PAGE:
Published on December 30th, 2012 | by Thomas Williams0
Dinner Date and the perils of experimentation
A year ago, I stumbled across an interesting little title known as Dinner Date. It was a mere three dollars and promised to cast players as the subconscious of Julian Luxemburg. I was jazzed at the idea of a game exploring character growth and development from a psychological perspective, and looked forward to seeing Julian’s story play out. Fast forward to now, and Dinner Date stands out in my memory as one of the worst games I’ve ever played.
At the time, I excused the underwhelming performance of the game, thinking I had simply missed the point. I moved on. But every time I saw the game in my Steam list I was torn between thoughts of vile hatred and the nagging feeling that some wonderful experiment had eluded me. As such, I decided to finally put the conflicted feelings at rest, playing the game one last time to see whether I did indeed miss its genius, or am vindicated in my vitriol. It wasn’t pretty.
Before you start the game, you’re introduced to what one would assume was its core mechanic: independently controlling the fingers of a hand with qwerty controls. It gives the impression that as Julian’s subconscious, you’ll be acting as some sort of puppet master along the lines of Octodad. You’re even given the option to carefully practice your finger manipulation, and then anything resembling this interaction is promptly thrown out the window. Once the game itself starts you simply press a button to change between idle animations. No complicated and subtle string-pulling to carry out complex actions. Button pushing. It’s still technically the same control scheme that we were introduced to, but used in a drastically different and ultimately uninteresting context.
From here on you must perform actions such as twiddling your thumbs, or dipping some bread in soup, and these do absolutely nothing to change or advance the plot. They’re not even quick-time events, just animations that run on a loop. Dinner Datepresents itself as an experiment in interactive narrative, but the game is too preoccupied with its own story to give the player any meaningful interaction or choice, and could be finished by only performing the actions at the end of each chapter.
It’s possible to find some sort of connection between the animation and the dialogue that’s being relayed, providing at least something to think about. Perhaps Julian nervously watches the clock as he talks about his date being late, or plays with his food while worrying about work. These connections will then make sense when it comes to the visualization of Julian’s worries, but only if the player is trying to actively do so.
The problem here is that unless you have a system in place to reinforce behavior fitting of his subconscious, players have no incentive to do it. If making Julian smoke a cigarette has no effect on him or the game, and is simply a shallow attempt at role-playing, then what motivation do I have to do so?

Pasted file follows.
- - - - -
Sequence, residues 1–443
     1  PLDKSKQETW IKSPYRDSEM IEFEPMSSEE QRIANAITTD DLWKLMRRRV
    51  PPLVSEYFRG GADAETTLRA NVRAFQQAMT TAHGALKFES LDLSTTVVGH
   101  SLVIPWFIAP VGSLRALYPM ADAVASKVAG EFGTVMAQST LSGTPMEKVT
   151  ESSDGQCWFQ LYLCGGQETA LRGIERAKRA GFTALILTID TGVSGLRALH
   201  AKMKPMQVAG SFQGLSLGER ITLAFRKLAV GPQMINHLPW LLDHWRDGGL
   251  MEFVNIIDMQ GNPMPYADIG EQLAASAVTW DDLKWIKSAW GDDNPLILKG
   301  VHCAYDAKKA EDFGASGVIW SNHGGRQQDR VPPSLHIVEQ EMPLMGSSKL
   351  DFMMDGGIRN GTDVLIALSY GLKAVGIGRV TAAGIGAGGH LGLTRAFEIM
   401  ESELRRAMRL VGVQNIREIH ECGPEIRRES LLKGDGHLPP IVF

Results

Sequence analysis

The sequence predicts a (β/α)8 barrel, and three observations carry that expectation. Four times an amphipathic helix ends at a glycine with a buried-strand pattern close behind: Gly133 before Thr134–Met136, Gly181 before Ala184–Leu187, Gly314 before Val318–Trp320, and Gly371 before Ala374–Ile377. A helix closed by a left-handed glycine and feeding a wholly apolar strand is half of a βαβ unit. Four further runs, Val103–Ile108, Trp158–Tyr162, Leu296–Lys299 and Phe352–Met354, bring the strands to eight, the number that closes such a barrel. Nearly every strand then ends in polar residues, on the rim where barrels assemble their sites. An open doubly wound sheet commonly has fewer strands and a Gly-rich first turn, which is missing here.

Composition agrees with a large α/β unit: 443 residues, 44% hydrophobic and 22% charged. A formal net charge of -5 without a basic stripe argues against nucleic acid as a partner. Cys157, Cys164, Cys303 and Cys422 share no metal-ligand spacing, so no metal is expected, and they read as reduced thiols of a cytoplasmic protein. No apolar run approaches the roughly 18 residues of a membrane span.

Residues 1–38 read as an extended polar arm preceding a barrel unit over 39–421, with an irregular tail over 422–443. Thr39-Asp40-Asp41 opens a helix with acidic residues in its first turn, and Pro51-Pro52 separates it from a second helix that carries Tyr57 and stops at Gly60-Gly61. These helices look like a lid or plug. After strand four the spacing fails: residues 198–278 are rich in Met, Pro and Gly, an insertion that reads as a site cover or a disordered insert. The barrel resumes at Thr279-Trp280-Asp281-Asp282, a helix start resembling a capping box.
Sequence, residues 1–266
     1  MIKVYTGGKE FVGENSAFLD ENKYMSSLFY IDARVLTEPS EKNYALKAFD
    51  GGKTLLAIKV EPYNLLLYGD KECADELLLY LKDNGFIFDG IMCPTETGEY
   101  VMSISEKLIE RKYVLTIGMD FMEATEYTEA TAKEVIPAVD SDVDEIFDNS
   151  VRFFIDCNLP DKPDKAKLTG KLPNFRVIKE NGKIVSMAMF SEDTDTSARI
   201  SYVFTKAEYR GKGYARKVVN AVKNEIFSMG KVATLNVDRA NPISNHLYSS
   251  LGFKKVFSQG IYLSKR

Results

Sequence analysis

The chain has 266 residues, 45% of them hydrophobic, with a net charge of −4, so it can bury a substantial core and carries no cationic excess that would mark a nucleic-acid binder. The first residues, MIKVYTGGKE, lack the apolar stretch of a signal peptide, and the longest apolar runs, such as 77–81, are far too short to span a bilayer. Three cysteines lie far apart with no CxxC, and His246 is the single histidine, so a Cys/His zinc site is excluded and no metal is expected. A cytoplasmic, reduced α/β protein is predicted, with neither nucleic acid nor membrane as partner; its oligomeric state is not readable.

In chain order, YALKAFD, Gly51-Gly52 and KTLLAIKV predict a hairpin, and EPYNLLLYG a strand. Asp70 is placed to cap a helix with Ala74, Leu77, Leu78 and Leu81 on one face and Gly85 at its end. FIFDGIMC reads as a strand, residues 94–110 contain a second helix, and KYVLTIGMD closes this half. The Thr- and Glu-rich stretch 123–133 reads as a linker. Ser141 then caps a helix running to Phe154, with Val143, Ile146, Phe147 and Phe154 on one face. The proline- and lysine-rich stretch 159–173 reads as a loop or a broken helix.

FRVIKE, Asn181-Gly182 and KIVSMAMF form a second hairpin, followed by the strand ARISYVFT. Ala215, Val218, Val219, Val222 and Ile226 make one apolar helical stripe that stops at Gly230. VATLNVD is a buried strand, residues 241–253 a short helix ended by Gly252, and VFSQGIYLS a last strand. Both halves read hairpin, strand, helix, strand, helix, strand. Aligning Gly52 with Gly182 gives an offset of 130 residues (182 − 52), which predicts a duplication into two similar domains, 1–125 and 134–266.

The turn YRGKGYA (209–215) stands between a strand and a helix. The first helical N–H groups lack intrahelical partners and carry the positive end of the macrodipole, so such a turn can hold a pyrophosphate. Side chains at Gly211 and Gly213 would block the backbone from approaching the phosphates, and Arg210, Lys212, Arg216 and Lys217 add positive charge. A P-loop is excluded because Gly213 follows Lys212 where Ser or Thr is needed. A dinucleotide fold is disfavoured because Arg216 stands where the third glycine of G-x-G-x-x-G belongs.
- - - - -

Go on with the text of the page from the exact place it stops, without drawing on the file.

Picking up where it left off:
The experiment might have some value were the story any good. The premise is sound: a young man coming to a turning point in his life as he contemplates his ideals of love and how it fits into modern society. More simply, it’s a guy waiting for a date to arrive. It’s a nice, simple, relatable idea. Yet all it amounts to is about fifteen minutes worth of self-pity delivered by a voice actor who either has a hilarious speech impediment or is badly faking an English accent. While Julian fancies himself a Byron-quoting intellectual, he comes off as horribly self-centered and pompous. He’s a whiny bitch. No doubt something interesting could have come from it, but the game fails to provide any character development or resolution. The most important part of an internal conflict – the protagonist’s growth and change in thinking – is just skipped, resulting in Julian being the same passive aggressive grump at the end of the game as he is at the start.
You could excuse the game by pointing out that it’s abstract and open to interpretation, after all, it is something of an experiment. But even things that are highly open to interpretation should have at least some sort of recognizable base. I could go analyzing things in something like Silent Hill or FLCL all day, but those stories can still be followed even if you ignore all the allusions and symbols present. Even analyzing how Dinner Date‘s mechanics intertwine with the story, the only things I’ve been able to find are lessons on game design. You often learn far more about making games from the bad ones rather then the good ones, and this one shows us exactly what happens if you remove all meaningful interaction.
What we have is a idea with potential which is squandered by the developers own pretension, ambition and lack of foresight. Another indie game lacking the subconscious conceit, Ruins, manages to pull off the most of the ideas of Dinner Date without even trying. Ruins also provides the player with limited game interaction, yet how these limited choices are addressed is what makes Ruins more successful in its follow through than Dinner Date. With a grounded, unique and compelling mechanics, you get great minimalistic games that push boundaries. By failing to offer any of this and handling its story as well as a drunk man trying to strangle an eel, Dinner Date does the opposite. It’s fifteen short minutes of grating monologues set to a bunch of- well, nothing. I think I’ve finally made up my mind. Fuck this game.